June 6, 2012
I visited Vancouver’s A Thinking Ape on a Wednesday afternoon, just in time for lunch: Peruvian subs from a deli across the street. People milled around the open-concept office, sitting on red bean bag chairs and couches with gorilla pillows, drinking chicha morada.
A Thinking Ape is a Y Combinator-backed games company founded by 3 former Amazon engineers, and the creator of titles like Kingdoms at War and Party in My Dorm. Beneath all its fun furniture and relaxed atmosphere is a culture of responsibility:
“You might have the best office and all these really cool perks and really great company events and a really great brand and visibility in the startup scene, but who cares? If your job sucks and the work that you do isn’t important, who cares?” says cofounder Kenshi Arasaki.
To help employees love their job, A Thinking Ape gives them “insane” amounts of responsibility – and, of course, mentors to help them along. For example, a new graduate was running their Android platform within 2 months, says Arasaki. And according to reviews, people like being responsible:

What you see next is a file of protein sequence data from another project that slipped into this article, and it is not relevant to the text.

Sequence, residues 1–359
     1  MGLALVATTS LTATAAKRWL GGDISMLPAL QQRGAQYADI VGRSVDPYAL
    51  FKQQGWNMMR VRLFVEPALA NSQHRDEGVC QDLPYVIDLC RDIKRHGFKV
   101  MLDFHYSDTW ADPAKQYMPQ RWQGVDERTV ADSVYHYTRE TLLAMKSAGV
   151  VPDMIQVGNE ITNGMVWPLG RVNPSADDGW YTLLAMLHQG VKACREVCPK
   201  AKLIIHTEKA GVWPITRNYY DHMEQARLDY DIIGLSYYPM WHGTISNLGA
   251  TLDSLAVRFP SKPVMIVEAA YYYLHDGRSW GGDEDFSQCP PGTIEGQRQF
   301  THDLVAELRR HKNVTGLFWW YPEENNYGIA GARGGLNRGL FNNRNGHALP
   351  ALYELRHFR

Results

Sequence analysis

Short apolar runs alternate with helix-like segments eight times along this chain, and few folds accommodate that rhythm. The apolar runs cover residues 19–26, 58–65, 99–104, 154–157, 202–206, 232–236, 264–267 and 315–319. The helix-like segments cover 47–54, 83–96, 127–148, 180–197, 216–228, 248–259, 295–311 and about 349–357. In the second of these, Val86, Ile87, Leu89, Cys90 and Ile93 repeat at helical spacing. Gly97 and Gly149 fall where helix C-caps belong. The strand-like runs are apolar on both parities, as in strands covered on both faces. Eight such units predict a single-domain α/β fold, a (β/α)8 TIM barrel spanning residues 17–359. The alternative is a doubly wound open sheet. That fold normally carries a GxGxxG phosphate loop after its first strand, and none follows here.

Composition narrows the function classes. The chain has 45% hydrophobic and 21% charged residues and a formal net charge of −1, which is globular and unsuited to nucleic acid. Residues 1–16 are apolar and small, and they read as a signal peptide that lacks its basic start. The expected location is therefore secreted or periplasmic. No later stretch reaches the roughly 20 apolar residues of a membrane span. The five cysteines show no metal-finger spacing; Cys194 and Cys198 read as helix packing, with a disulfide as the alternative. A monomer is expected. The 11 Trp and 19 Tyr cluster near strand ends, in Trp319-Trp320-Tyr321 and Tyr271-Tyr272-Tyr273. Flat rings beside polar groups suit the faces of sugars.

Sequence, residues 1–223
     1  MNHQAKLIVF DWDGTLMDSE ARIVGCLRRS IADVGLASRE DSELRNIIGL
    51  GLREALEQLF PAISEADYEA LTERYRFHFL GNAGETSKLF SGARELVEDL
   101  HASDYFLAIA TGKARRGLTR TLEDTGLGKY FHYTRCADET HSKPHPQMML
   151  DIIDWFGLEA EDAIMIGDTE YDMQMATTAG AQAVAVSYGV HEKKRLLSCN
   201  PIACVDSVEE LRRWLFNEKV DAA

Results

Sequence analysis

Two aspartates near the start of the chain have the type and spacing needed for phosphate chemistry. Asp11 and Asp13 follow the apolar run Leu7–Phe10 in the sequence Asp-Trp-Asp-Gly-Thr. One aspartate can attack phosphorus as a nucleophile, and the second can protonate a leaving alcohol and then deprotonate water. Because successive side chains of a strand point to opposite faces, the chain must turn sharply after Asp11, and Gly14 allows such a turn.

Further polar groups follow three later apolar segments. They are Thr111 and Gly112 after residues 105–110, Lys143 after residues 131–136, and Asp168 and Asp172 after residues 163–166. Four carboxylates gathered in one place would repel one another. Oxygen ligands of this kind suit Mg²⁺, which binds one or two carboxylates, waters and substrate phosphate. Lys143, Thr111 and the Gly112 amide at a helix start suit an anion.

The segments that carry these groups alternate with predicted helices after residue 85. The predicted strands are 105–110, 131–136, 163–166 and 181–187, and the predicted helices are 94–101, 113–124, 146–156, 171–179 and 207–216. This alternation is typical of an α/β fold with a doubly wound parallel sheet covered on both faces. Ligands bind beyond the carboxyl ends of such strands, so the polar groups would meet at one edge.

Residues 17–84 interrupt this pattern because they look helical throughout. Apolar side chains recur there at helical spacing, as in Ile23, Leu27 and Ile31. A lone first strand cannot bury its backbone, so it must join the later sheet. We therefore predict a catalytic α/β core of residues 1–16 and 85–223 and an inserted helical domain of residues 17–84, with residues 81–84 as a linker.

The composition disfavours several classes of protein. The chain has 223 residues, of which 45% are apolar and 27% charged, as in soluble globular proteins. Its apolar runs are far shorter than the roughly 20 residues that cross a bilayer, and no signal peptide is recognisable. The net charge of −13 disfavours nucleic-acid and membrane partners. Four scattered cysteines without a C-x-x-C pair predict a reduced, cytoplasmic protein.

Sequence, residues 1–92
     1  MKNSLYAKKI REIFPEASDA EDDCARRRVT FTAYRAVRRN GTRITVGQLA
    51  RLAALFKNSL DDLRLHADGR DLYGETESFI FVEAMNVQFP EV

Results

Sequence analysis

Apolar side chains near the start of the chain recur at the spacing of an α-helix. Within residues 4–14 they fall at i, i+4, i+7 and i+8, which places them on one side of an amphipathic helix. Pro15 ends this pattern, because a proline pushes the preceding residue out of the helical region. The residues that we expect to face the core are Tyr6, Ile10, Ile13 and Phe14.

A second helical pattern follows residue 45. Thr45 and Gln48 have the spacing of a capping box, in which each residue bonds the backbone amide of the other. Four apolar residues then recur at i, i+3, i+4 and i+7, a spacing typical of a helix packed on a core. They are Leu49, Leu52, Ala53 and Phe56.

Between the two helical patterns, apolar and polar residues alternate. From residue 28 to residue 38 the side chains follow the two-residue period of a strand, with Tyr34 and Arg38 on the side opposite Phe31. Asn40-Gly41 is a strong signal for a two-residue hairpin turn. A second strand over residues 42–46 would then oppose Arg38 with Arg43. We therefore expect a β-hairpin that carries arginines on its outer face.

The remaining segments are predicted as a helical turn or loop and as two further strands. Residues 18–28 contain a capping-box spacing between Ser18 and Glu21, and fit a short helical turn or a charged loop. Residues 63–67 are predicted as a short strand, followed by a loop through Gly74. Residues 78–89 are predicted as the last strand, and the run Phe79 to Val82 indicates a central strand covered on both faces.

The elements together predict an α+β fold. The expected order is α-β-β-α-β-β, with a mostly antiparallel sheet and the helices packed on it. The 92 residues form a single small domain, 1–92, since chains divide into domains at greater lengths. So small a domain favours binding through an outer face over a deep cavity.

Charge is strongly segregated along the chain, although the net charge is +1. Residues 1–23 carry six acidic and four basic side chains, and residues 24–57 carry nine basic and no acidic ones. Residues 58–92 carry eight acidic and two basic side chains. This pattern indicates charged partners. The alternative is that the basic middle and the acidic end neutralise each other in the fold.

“Some of the feedback was like, ‘I can’t believe they gave me this much responsibility. … I’ve accomplished more than I thought I was able to. This is amazing,’” recalls Arasaki. “Society tells people without experience ‘You have to start small.’ No. Young people, inexperienced people, and just people with the right mindset can do really amazing things.”
A Thinking Ape even created a position to uphold this culture: Troublemaker, which belongs to Sonia Ryan. It’s her job to handle campus relations, branding, and recruiting and HR – and generally make sure people are happy. She was also the one toting a crate of sandwiches into the office when I arrived.
Along with letting people make mistakes, giving them lots of responsibility has created a culture of meritocracy and data-driven debate. Arasaki and his cofounders monitor the culture carefully; it’s their “second product line”:
“Our company and our startup and its culture … and the ways that we communicate, the channels of communicate that we optimize for, and the process and the people we hire – I think we realized very early on that that itself was like this living creature that we needed to nurture and iterate on and pay very close attention to – the same amount of attention that we paid to our products,” he says.
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